This ancient spelling, Langdon explained to Sophie, derived from the Rose Line meridian on which the chapel sat; or, as Grail academics preferred to believe, from the" Line of Rose" - the ancestral lineage of Mary Magdalene.
The chapel would be closing soon, and as Langdon pulled open the door, a warm puff of air escaped, as if the ancient edifice were heaving a weary sigh at the end of a long day. Her entry arches burgeoned with carved cinquefoils.
Roses. The womb of the goddess.
Entering with Sophie, Langdon felt his eyes reaching across the famous sanctuary and taking it all in. Although he had read accounts of Rosslyn's arrestingly intricate stonework, seeing it in person was an overwhelming encounter.
Symbology heaven, one of Langdon's colleagues had called it.
Every surface in the chapel had been carved with symbols - Christian cruciforms, Jewish stars, Masonic seals, Templar crosses, cornucopias, pyramids, astrological signs, plants, vegetables, pentacles, and roses. The Knights Templar had been master stonemasons, erecting Templar churches all over Europe, but Rosslyn was considered their most sublime labor of love and veneration. The master masons had left no stone uncarved. Rosslyn Chapel was a shrine to all faiths... to all traditions... and, above all, to nature and the goddess.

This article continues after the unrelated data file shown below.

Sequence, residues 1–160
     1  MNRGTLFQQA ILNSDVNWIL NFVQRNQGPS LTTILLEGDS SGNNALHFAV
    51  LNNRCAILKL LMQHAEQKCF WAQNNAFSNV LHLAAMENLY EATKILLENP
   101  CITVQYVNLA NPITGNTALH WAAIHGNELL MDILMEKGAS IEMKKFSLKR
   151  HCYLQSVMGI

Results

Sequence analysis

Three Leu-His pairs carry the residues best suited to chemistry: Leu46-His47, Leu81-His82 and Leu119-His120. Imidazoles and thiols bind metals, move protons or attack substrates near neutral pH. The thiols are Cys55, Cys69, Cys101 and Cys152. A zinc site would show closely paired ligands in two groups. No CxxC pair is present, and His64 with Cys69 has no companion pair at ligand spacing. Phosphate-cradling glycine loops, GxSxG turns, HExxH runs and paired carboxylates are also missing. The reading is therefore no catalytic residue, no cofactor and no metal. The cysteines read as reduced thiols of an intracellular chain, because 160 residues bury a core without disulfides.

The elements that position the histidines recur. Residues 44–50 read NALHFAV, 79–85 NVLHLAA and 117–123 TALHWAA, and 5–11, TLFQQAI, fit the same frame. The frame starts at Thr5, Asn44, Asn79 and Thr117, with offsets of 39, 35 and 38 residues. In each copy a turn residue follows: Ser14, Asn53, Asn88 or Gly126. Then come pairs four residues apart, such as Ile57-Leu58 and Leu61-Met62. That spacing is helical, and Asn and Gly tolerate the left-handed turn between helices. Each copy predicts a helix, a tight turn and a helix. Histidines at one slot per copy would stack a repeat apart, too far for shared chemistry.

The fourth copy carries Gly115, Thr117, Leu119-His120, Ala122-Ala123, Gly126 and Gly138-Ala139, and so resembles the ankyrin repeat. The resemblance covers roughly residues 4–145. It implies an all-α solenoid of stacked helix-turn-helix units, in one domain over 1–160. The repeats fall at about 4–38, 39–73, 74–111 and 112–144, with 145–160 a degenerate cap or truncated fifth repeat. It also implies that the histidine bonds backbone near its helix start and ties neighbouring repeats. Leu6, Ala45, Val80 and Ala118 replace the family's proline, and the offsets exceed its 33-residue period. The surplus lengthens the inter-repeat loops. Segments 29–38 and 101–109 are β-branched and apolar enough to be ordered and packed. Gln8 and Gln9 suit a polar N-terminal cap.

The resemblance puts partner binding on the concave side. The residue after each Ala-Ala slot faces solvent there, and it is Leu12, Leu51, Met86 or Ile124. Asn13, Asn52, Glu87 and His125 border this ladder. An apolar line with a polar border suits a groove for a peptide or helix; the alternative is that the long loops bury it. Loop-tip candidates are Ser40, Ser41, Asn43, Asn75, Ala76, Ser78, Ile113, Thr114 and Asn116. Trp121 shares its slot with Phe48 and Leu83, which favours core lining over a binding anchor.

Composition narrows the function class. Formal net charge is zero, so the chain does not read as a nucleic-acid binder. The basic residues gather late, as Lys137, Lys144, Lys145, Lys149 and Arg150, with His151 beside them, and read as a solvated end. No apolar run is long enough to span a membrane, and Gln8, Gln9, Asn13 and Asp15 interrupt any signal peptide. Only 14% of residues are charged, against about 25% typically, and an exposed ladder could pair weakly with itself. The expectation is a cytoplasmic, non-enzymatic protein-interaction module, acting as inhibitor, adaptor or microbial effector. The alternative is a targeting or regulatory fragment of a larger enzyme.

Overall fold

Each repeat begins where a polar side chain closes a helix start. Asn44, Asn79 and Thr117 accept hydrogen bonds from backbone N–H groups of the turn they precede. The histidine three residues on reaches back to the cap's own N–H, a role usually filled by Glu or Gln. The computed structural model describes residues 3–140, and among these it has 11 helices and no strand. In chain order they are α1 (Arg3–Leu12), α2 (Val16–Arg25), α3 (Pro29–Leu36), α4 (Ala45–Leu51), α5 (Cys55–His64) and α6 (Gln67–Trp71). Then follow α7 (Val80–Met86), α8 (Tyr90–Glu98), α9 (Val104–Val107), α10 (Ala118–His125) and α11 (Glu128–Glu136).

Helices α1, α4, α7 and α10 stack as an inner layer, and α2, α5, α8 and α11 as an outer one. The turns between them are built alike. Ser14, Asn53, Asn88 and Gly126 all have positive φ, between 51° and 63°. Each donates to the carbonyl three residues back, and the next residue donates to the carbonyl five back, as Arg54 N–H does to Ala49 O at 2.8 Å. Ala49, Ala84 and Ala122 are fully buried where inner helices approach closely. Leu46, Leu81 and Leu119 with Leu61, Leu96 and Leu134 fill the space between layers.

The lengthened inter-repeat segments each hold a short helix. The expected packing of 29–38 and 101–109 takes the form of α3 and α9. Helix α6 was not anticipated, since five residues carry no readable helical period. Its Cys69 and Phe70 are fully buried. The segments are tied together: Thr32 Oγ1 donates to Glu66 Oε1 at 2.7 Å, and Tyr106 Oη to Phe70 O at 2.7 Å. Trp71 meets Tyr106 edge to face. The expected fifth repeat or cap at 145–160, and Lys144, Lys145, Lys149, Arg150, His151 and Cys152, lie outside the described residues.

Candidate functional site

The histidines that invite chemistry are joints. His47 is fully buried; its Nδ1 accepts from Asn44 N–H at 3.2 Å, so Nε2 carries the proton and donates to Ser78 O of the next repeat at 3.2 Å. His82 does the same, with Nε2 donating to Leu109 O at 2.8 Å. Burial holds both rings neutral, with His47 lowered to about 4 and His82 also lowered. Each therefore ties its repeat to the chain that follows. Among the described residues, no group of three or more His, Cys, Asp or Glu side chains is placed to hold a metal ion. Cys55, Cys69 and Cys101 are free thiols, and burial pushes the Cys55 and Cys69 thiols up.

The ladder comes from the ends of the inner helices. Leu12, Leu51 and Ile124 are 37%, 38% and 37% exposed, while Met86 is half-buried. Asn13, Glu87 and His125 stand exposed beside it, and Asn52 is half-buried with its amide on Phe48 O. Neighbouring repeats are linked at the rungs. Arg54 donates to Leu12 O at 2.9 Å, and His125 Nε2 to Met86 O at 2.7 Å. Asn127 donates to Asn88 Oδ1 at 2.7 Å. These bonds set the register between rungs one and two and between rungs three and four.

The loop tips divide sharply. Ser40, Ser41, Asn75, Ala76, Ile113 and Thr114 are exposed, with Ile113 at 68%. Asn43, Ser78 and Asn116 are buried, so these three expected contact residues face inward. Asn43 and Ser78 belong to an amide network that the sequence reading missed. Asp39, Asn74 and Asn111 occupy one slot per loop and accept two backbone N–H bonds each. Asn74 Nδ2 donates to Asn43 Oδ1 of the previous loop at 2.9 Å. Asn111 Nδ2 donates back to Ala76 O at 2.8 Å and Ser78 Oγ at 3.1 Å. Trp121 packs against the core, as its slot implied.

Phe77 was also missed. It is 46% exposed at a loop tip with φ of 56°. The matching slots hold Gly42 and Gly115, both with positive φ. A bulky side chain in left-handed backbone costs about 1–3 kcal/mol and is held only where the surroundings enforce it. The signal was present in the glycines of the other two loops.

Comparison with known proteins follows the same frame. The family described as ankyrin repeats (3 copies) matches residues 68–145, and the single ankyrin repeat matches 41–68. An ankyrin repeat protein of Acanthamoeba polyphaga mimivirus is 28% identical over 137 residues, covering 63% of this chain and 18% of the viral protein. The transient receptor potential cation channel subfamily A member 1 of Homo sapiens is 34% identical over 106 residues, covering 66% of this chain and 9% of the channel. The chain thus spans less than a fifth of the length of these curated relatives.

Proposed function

The sanctuary was empty except for a handful of visitors listening to a young man giving the day's last tour. He was leading them in a single-file line along a well-known route on the floor - an invisible pathway linking six key architectural points within the sanctuary. Generations of visitors had walked these straight lines, connecting the points, and their countless footsteps had engravedan enormous symbol on the floor.